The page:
RVC Receives President’s Exporting Award
On October 28, 1993, Rock Valley College became the first community college and only the sixth educational institution to receive the President of the United States “E” Award for Excellence in Exporting since the award’s inception in 1961. The nation’s highest award to honor firms and organizations for their contributions to exporting was created by the President of the United States and awarded through the U.S. Department of Commerce. RVC was selected because of its extensive programs that served the needs of exporters and because of the remarkable growth in exporting in the Rockford area at that time. The Rockford area increased its exporting from $19 million in 1986 to $165 million by 1993. Stanley Bokota, director of the Chicago district office of the U.S. Department of Commerce/International Trade Administration, presented the award to RVC President Karl Jacobs at a special ceremony on the RVC campus. At that time, RVC offered an exporting education program that consisted of three classes: How to Sell Overseas, the Export Clinic, and the Documentation Seminar.
Stanley Bokota presented the President’s “E” award to Dr. Karl Jacobs on October 28, 1993. RVC Board of Trustees member Randy Schaefer is pictured to Dr. Jacobs’ left.
Shot Heard ‘Round the World
Thirty years after the tragic assassination of President John F. Kennedy, one Rock Valley College class in November of 1993 was still seeking answers. Jack Rabito, a veteran radio newsman who lived in Dallas for a decade, led the two hour class of 30 students through the many plots and subplots, facts and theories surrounding the demise of “Camelot.” Since 1978, Rabito had been interviewing witnesses and reading countless accounts of what happened on that fateful day of November 22, 1963. A 1992 Time/CNN poll showed that three-quarters of those surveyed believed Americans had not yet been told the truth about the assassination. That belief has not changed much, if at all, and the nation remains fixated on the event. Twenty years after Rabito’s class was held at RVC, on the 50th anniversary of the assassination in 2013, America remained fascinated. To commemorate the event, the History channel took to Twitter and sent tweets throughout the day as if it were November 22, 1963 and what it might have been like if Twitter existed.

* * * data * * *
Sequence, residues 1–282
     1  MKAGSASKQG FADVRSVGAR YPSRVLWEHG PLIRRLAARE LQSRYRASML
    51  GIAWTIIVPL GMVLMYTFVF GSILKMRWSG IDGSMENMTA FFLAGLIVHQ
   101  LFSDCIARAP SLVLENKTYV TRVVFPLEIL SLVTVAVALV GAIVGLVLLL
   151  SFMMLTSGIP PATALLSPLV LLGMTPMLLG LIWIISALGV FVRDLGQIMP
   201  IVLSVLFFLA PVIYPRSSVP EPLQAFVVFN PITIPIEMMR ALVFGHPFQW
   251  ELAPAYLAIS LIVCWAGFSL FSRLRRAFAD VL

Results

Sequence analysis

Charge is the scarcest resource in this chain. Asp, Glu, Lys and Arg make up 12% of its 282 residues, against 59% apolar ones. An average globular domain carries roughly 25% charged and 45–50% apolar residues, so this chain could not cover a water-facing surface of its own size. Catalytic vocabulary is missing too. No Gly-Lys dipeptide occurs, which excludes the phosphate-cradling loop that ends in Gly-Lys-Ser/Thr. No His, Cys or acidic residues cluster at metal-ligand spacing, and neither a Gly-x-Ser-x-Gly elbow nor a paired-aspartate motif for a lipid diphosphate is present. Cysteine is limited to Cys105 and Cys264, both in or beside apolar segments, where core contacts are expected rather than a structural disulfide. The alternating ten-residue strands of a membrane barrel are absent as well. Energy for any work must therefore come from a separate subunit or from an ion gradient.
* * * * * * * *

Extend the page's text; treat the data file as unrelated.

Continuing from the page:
Jack Rabito led a class at RVC in 1993 on President John F. Kennedy’s assassination.
NBA legend Magic Johnson held a press conference at the Rock Valley College Physical Education Center on November 30, 1993, to unveil his “Magic All-Stars Tour.” Approximately 20 members of the media were on hand, including reporters from the New York Times and ESPN. Rockford was the first stop on Johnson’s U.S. leg of the tour as his all-star squad was preparing to take on the Rockford Lightning on December 1, 1993, at the Rockford MetroCentre. At the press conference at RVC, Johnson was very complimentary of the reception he received at RVC. “The people in the Midwest are real gracious,” Johnson said. “They’re real people.” The “Magic All-Stars Tour” was developed for entertainment and to support the CBA (Continental Basketball Association), but also to give some aspiring players a chance to play with a legend like Johnson as well as other NBA talent like Reggie Theus and Jack Haley.
Don’t forget to check our social media platforms for some unique content not seen here!